The credit-card issuer announced Thursday that it had overhauled the iconic credit card, which debuted 50 years ago. Among the most drastic changes was switching the card, now known as Green from Amex, from a charge card to a credit card. That means that for the first time, card holders won’t have to pay off their entire balance every month.
“Amex themselves seemed to admit in their press release that the 50-year-old Green Card had gotten a little dated and needed a refresh for a new generation,” said Ted Rossman, industry analyst at CreditCards.com.
The reconfigured Green Card is emblematic of the changes occurring across the credit-card industry. Here are some of the ways Amex’s announcement are indicative of today’s payment landscape:
Consumers — and credit-card companies — want more flexibility in their wallets
Because the card was previously a charge card, Green Card holders used to have to pay their full balance off each month or incur a hefty penalty. Now, the card functions like a typical credit card — any remaining balance left at the end of each payment cycle will accrue interest.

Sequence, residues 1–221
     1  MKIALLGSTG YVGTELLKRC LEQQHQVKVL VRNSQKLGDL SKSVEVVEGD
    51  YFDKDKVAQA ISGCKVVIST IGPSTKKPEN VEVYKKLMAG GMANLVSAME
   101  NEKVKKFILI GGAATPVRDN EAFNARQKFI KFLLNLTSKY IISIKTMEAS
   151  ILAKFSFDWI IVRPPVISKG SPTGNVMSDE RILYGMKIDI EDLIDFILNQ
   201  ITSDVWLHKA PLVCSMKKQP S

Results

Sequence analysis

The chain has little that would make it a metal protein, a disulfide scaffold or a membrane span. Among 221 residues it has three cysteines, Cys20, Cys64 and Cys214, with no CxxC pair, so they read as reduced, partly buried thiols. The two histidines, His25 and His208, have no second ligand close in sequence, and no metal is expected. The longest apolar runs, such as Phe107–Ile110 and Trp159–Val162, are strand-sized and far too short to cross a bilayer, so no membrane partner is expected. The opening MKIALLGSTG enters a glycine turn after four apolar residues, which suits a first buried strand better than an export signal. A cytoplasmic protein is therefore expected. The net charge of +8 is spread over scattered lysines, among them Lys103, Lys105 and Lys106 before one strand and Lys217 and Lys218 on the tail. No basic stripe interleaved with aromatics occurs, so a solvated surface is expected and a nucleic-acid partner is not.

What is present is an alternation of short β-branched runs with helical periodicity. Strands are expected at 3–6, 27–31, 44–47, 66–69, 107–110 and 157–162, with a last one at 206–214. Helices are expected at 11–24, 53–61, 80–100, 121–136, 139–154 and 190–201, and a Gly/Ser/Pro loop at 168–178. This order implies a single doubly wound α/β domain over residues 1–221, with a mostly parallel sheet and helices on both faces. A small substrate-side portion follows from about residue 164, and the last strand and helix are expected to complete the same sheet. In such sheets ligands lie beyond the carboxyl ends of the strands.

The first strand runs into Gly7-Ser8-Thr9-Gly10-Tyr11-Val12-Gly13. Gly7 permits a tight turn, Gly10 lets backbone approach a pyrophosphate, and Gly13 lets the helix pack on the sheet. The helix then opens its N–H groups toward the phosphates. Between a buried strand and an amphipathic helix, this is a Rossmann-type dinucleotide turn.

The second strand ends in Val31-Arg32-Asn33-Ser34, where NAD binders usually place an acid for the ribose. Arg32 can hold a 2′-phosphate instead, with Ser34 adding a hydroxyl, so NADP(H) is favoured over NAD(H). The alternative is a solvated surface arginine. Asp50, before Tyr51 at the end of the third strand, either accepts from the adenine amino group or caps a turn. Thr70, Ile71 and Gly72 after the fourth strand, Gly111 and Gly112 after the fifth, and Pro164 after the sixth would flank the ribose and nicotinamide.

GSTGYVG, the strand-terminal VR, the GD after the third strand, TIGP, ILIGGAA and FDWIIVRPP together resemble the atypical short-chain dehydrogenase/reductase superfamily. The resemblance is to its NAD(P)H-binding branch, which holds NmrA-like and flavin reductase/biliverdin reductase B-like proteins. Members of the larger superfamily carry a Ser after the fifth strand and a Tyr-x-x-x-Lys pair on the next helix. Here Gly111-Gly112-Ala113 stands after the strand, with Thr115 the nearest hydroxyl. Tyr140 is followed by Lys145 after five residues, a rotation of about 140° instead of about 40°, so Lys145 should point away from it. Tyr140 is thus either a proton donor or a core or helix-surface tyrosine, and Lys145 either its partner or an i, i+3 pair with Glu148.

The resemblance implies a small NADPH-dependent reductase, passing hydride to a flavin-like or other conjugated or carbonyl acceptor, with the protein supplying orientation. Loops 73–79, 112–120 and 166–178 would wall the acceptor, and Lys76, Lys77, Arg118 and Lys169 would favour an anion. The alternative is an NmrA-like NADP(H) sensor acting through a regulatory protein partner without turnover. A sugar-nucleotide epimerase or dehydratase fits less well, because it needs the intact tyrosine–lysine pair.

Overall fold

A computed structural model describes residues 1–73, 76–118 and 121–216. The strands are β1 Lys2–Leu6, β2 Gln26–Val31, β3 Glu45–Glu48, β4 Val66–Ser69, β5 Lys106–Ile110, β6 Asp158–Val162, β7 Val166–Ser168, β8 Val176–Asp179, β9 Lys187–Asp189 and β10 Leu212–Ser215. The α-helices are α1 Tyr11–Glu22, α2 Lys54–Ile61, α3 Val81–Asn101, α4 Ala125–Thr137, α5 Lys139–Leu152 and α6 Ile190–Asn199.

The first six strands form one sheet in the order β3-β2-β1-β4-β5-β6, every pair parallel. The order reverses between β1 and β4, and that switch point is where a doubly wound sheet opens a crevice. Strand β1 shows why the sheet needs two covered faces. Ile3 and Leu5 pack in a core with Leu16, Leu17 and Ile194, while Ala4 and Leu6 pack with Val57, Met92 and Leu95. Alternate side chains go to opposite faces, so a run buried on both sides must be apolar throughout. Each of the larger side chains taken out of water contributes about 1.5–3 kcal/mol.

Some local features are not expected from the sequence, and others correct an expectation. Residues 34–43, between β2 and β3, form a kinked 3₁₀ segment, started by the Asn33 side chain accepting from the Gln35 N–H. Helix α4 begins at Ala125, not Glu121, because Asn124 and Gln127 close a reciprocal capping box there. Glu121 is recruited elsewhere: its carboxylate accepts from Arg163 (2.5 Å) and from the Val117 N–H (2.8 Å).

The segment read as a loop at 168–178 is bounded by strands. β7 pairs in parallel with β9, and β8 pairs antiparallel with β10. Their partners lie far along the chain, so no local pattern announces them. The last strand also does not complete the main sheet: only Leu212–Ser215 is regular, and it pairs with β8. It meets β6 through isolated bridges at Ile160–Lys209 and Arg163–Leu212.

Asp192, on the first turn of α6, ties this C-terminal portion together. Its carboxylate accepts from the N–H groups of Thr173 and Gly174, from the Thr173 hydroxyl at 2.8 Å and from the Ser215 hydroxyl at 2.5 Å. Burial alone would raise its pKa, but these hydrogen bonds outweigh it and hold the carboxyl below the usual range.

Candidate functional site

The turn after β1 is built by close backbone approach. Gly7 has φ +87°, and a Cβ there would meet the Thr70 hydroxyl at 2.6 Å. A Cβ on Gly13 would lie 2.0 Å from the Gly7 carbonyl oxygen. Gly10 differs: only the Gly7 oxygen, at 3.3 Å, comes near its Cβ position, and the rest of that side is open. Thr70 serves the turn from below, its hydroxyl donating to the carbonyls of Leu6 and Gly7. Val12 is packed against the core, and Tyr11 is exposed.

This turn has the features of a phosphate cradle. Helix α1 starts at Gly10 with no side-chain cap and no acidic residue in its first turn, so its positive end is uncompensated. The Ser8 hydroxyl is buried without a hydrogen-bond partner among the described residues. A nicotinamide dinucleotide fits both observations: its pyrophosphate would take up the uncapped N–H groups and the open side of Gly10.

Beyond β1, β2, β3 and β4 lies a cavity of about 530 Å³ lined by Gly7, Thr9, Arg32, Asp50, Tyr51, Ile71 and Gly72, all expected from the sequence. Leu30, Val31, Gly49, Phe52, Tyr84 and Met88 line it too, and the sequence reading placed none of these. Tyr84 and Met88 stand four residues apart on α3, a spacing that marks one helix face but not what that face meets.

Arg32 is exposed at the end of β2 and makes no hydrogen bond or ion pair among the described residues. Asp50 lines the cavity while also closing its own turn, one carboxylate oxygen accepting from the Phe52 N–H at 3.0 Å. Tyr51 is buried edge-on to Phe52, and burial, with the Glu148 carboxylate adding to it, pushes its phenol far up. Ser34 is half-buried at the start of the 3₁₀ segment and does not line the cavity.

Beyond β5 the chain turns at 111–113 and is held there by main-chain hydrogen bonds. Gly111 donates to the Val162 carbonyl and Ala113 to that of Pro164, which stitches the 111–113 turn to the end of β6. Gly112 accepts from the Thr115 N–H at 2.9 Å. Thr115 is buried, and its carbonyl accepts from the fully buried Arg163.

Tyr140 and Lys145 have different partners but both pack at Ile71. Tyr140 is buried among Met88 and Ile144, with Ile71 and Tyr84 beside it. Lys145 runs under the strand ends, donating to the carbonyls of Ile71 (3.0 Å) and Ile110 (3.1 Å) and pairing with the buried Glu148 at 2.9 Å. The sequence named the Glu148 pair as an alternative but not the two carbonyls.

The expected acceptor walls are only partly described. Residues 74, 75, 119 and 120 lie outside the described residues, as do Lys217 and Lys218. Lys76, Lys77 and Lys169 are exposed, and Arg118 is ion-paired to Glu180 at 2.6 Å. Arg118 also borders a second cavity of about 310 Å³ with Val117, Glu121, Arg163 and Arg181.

The annual percentage rate on the card is now variable between 16.99% and 23.99%, depending on a person’s creditworthiness. Card holders who make one or more late payments or have a payment returned will be assessed a penalty APR of 29.99%.
“The knee-jerk reaction would be to say credit cards encourage consumers to carry expensive balances more than charge cards, but I think it goes deeper than that,” Rossman said. “Today’s consumers desire flexibility.”
The rise in personal loans, repayment plans and special financing exemplify this. Combining credit cards with personal loans is particularly attractive to young adults, Rossman said, because they’re wary of open-ended debt thanks largely to the pressures they face from student loans.